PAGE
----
Recruitment Compliance: How to Assess Your Process to Keep It Candidate-Friendly

Breezy HR

In 1970, Willie Griggs and twelve other African-American employees filed a lawsuit against Duke Power Co. for discriminatory employment practices. On March 8, 1971, the US Supreme Court ruled in favor of Willie and the other black employees.

The rest, as they say, is history.

Griggs vs. Duke Power Co. established the legal precedent for disparate impact lawsuits, as well as the clear necessity for companies to ensure their recruitment criteria have no adverse impact on members of a protected class.

But this story is far from over. In 2020 alone, the US Equal Employment Opportunity Commission (EEOC) collected $439.2 million in monetary benefits for victims of employment discrimination. EEmployers still have a lot to learn when it comes to implementing unbiased recruitment practices.

In this article, we’ll walk through a step-by-step process for assessing your recruitment compliance fitness to help ensure you’re complying with the relevant federal, state, and local laws, and also with the best practices that will help keep your candidates safe, protected, and excited to work for your company.

NOTE: While we always aim to provide you with the most valuable and reliable information on all things HR, we are not legal professionals. Nothing you read here should be considered legal advice. Always seek professional legal advice to keep your company compliant.

A 5-step process to assess your recruitment compliance

Step 1: Stay up-to-date on recruitment laws

From how you hire employees to how you terminate them, there is a rule or regulation for nearly every employment-related activity. These laws are not limited to employees alone; many of them also apply to how you treat your job applicants.

Here a few of the most important recruitment laws every business owner should know:

  • Title VII of the Civil Rights Act of 1964: Title VII prohibits discrimination against employees and candidates on the basis of color, race, religion, sex, or national origin. The law applies to employers, employment agencies, training programs and labor organizations. Businesses with 15 or more employees are required to comply with Title VII unless vetoed by another law.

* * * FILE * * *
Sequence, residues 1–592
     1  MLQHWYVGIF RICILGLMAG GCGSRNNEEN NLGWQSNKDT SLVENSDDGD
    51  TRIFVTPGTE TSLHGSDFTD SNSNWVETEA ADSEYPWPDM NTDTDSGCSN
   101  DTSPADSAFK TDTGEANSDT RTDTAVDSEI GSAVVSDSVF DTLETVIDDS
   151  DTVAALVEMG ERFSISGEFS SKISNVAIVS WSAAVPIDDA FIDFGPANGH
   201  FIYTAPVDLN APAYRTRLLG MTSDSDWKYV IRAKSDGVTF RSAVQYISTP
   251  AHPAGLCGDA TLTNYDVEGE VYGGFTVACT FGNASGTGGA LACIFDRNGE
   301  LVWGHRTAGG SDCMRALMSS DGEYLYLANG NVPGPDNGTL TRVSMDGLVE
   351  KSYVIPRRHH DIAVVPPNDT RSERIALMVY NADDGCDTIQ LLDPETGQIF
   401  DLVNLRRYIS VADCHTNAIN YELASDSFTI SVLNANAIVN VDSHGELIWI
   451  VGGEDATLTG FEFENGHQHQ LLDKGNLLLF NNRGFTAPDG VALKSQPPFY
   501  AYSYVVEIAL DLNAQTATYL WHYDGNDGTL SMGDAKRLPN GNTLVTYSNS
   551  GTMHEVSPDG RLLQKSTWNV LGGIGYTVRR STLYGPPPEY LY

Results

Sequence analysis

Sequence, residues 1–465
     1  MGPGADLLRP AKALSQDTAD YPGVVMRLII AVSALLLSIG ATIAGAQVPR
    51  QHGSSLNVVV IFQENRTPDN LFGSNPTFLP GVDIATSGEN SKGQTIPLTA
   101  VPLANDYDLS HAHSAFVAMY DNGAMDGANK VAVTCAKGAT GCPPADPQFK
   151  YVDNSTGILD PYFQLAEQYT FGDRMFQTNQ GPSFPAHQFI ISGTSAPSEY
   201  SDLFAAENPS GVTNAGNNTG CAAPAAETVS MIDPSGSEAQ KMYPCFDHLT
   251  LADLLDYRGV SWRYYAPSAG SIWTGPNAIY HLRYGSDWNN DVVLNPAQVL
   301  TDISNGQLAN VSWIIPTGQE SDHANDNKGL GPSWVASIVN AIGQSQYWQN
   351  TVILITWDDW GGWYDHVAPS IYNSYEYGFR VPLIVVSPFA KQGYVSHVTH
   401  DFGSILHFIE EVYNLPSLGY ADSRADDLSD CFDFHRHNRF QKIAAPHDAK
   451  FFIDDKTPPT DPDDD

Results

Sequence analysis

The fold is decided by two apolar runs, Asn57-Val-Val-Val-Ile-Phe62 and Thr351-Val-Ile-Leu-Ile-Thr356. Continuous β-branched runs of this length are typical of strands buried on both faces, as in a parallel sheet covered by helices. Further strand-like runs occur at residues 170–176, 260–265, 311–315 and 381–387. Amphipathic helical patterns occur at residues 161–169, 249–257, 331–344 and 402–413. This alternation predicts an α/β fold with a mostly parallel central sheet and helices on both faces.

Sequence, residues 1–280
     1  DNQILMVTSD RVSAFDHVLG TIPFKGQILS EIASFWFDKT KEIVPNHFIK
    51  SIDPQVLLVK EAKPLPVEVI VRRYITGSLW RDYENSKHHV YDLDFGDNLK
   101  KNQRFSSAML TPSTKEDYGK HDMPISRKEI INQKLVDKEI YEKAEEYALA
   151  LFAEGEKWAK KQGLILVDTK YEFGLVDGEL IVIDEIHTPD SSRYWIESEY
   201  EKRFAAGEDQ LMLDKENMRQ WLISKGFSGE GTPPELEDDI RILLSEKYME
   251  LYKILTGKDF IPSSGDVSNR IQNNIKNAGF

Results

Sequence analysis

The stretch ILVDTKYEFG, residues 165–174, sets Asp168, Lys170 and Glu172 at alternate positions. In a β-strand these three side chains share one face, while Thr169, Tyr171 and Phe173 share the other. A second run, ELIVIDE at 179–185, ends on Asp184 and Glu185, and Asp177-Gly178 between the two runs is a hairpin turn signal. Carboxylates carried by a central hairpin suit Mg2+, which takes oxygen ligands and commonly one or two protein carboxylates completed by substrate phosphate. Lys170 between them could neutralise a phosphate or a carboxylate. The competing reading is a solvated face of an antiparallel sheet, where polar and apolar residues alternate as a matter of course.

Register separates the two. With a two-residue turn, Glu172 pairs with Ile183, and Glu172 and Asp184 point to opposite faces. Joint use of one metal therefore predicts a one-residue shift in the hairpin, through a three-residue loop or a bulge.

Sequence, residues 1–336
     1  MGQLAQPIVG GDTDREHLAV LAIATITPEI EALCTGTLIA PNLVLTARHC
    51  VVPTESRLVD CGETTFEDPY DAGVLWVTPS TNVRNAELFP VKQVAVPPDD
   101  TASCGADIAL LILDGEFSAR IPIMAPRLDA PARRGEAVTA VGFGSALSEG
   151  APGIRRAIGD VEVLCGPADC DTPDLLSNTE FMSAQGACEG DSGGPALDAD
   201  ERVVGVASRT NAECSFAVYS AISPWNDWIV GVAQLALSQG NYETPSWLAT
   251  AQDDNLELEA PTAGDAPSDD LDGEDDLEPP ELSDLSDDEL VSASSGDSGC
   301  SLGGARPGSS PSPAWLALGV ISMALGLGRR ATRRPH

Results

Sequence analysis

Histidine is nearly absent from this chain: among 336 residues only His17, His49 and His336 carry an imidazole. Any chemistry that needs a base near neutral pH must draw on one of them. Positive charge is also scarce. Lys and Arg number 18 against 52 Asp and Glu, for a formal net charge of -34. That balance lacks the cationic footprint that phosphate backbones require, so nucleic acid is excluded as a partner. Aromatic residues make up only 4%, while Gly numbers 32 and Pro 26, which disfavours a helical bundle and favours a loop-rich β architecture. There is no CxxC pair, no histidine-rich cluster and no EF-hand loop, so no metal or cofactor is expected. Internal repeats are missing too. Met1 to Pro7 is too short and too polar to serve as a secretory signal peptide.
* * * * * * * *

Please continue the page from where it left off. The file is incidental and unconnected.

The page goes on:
• Americans with Disabilities Act (ADA): The ADA is a civil rights law that was enacted to provide equal opportunities and civil rights protection to individuals with disabilities. Under Title I of the ADA, employers are required to provide reasonable accommodations that enable job applicants and employees with disabilities to participate in the application process and perform essential work functions.
  • Equal Pay Act (EPA): The EPA requires that men and women in the same workplace are compensated equally for equal work. The job functions, and not job titles, determine the equality of the work. This law covers all forms of compensation including salary, profit sharing and bonus plans, life insurance, stock options, etc.
  • Pregnancy Discrimination Act (PDA): The PDA ensures that employees and job applicants are not discriminated against on the basis of pregnancy in any aspect of employment. Under this law, an employer must treat a woman unable to carry out her duties due to a medical condition caused by pregnancy or childbirth the same way a temporarily disabled employee would be treated. 
  • Age Discrimination in Employment Act (ADEA): The ADEA protects certain applicants and employees 40 years of age and older from discrimination on the basis of age in all recruitment related activities such as hiring, discharge, and privileges of employment.
  • Salary History Bans: Under these protections, employers are prohibited from asking candidates about their previous salaries. The aim is to reduce historical discrimination and in some cases, the ban may also prevent employers from setting compensation based on an applicant’s pay history if discovered or volunteered.

Currently, there are salary history bans in the following states and jurisdictions:

  • Alabama
  • California
  • Colorado
  • Connecticut
  • Delaware
  • District of Columbia
  • Georgia (local to Atlanta only)
  • Hawaii
  • Illinois
  • Kentucky (local to Louisville only)
  • Louisiana (local to New Orleans only)
  • Maine
  • Maryland
  • Massachusetts
  • Mississippi (local to Jackson only)
  • Missouri (local to Kansas City and St. Louis only)
  • Nevada
  • New Jersey
  • New York
  • North Carolina
  • Ohio (local to Cincinnati and Toledo only)
  • Oregon
  • Pennsylvania
  • Puerto Rico
  • Rhode Island
  • South Carolina (local to Columbia and Richland County only)
  • Utah (local to Salt Lake City only)
  • Vermont
  • Virginia
  • Washington 

The above laws are enforced by either local and state government authorities and/or the EEOC, and employers who break them are liable. Always consult your local labor department for details on specific state and local laws that may apply to your business.

Step 2: Review your job ads and interview process

Job ads and interviews are areas where many employers may falter, despite an awareness of recruitment laws. For example, consider a job ad that says it’s looking for ‘an Account Manager who is a native Italian speaker’. This alone can qualify as discriminatory against people of certain ethnicities and national origin. A better way to phrase it would be to say you’re looking for an ‘Italian-speaking Account Manager’. That way, anyone with the other requirements who can also speak Italian is able to apply and be considered for the job.

Asking questions about an interviewee’s religious background, when these beliefs are irrelevant to the job role, is also off limits. 

To help you avoid mistakes like these, here are some tips to keep in mind when writing your next job ad or conducting an interview:

  • Always avoid gendered, sexist, racist, and age discriminatory language in your job description. For example, saying “he is a lover of all things Python” or “applicants must be below 30 years of age” are not inclusive or compliant.